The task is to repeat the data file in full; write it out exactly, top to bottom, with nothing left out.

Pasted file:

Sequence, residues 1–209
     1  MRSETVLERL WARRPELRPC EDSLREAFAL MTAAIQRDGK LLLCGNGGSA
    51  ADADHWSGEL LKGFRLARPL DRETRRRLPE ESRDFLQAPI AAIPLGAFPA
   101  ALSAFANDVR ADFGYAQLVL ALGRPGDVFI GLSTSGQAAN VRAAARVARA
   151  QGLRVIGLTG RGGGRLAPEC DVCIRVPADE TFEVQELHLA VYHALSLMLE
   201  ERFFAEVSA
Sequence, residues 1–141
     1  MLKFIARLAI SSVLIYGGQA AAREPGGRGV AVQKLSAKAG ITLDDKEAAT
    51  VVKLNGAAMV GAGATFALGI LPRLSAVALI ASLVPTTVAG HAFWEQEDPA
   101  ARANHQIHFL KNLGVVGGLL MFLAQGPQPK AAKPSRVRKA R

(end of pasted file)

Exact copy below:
Sequence, residues 1–209
     1  MRSETVLERL WARRPELRPC EDSLREAFAL MTAAIQRDGK LLLCGNGGSA
    51  ADADHWSGEL LKGFRLARPL DRETRRRLPE ESRDFLQAPI AAIPLGAFPA
   101  ALSAFANDVR ADFGYAQLVL ALGRPGDVFI GLSTSGQAAN VRAAARVARA
   151  QGLRVIGLTG RGGGRLAPEC DVCIRVPADE TFEVQELHLA VYHALSLMLE
   201  ERFFAEVSA
Sequence, residues 1–141
     1  MLKFIARLAI SSVLIYGGQA AAREPGGRGV AVQKLSAKAG ITLDDKEAAT
    51  VVKLNGAAMV GAGATFALGI LPRLSAVALI ASLVPTTVAG HAFWEQEDPA
   101  ARANHQIHFL KNLGVVGGLL MFLAQGPQPK AAKPSRVRKA R